Let me just start with the description of the author that is on inside cover of the the back of the book:
"Douglas Adams was born in Cambridge, England, and attended St. John's College at Cambridge University. After graduating he spent several years contributing material to radio and television shows, including 'Monty Python.' He has also worked as a hospital porter, barn builder, chicken shed cleaner, bodyguard, and radio producer. He is not married, has no children, and does not live in Manhattan."
I read this description when I was a little more than half-way done with the book and I found it very fitting. It was written in the same style as the book is. In two words, this book is random and clever. It is a fun and quick read. It is the first in a series of 5 books and is a New York Times Bestseller.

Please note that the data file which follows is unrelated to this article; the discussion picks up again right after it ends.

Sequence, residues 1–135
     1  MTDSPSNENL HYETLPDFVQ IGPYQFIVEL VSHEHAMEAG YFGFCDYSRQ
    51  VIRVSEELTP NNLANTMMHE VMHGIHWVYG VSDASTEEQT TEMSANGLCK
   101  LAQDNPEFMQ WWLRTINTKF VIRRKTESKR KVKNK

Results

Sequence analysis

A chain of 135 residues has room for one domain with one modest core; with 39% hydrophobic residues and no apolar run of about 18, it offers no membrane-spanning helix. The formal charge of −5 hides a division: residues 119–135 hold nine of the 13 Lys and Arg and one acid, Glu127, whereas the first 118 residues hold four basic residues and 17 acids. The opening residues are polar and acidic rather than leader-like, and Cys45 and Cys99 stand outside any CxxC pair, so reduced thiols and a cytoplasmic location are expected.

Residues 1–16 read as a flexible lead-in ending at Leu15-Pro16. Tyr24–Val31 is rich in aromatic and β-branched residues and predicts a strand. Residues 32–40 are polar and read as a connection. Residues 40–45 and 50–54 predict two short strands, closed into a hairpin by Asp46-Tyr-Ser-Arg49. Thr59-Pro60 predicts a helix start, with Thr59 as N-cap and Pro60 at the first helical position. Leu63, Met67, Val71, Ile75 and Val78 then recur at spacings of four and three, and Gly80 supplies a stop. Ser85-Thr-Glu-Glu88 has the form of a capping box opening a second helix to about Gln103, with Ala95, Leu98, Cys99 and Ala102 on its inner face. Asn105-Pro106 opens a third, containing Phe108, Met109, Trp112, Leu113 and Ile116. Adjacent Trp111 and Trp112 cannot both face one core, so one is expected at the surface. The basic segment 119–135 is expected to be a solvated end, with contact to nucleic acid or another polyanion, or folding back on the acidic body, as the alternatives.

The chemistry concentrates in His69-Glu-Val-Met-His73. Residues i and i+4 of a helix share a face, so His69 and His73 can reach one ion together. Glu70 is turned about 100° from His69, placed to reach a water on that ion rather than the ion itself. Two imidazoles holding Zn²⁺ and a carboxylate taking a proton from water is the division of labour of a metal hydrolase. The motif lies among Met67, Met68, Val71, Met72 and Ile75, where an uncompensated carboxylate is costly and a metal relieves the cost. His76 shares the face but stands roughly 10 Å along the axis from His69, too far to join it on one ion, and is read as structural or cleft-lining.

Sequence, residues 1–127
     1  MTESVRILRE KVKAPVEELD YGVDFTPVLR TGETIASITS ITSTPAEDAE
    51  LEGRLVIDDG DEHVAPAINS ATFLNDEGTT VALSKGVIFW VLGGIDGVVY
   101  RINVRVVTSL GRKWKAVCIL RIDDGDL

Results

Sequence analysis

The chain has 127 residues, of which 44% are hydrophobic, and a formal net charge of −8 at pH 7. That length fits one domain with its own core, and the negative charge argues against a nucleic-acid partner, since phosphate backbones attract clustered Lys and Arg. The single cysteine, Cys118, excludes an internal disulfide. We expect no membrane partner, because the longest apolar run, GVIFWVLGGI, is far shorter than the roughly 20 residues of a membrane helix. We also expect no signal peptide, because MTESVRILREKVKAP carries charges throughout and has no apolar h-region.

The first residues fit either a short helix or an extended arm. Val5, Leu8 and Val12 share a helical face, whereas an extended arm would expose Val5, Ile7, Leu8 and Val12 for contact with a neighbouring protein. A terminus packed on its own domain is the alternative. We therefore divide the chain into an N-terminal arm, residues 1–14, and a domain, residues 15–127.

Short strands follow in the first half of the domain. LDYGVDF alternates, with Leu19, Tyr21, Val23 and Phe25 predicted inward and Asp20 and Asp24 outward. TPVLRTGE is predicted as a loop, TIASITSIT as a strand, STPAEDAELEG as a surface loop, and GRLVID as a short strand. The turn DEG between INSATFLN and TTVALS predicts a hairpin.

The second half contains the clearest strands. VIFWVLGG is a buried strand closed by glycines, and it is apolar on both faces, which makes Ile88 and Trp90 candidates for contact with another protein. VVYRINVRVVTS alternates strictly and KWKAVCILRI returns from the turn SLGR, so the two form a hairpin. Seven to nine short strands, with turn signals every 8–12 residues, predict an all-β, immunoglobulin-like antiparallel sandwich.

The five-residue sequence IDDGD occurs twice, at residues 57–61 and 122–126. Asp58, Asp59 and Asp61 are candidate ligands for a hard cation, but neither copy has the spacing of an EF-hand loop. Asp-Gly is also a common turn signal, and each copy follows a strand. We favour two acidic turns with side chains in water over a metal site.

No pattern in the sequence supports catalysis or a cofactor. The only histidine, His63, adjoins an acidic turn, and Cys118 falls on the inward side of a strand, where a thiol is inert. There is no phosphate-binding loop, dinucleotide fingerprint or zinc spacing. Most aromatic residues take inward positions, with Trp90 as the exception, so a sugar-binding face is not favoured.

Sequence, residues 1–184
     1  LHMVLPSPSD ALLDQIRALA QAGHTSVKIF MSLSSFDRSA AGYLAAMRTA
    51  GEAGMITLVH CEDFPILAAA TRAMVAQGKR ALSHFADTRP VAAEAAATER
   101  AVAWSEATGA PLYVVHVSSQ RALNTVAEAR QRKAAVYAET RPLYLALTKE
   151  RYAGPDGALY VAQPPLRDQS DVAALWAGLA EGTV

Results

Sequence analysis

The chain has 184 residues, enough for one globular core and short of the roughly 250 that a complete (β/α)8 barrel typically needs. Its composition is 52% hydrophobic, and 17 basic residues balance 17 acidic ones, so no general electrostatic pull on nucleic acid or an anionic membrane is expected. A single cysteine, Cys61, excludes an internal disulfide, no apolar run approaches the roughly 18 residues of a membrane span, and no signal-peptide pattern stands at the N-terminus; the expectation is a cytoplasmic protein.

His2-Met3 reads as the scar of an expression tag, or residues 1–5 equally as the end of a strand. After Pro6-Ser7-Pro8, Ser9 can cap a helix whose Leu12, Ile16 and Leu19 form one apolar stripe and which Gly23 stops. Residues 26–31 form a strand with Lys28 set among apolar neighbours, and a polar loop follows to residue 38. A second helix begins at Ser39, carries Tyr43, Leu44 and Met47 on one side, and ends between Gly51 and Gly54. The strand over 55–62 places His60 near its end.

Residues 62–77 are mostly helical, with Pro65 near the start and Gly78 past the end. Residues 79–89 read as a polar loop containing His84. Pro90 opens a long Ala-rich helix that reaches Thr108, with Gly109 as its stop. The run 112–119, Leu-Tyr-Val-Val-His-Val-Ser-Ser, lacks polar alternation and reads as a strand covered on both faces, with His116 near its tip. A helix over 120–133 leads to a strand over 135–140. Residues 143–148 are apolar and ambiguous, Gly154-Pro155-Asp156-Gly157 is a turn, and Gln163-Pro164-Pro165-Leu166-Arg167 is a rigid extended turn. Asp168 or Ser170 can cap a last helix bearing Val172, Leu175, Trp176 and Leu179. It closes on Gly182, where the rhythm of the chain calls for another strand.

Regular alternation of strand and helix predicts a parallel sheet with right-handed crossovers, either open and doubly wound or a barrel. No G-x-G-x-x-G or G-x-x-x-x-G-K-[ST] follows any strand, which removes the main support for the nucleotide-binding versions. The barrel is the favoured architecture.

What I liked about this book is that it keeps you interested because everything that happens is unexpected and "improbable." It is laden with sarcasm and has moments of good humor. I enjoyed reading it.
If you are looking for a book to inspire this may not be what you want, but if you want a book that is different from other books and refreshingly original I recommend this one.
In 2005 a movie version of the story came out which I enjoyed as well.
Monday, December 20, 2010
I just read an article that you might be interested in for last minute gift suggestions or just some suggestions for books you might want to read during the holidays. The author of the article has written a book about books. That might be interesting too. She's been a pretty good source for book suggestions for me in the past. I thought some of these suggestions looked good too. See what you think.
HAPPY HOLIDAY READING!
HAPPY HOLIDAY READING!
Posted by Battfam at 4:34 PM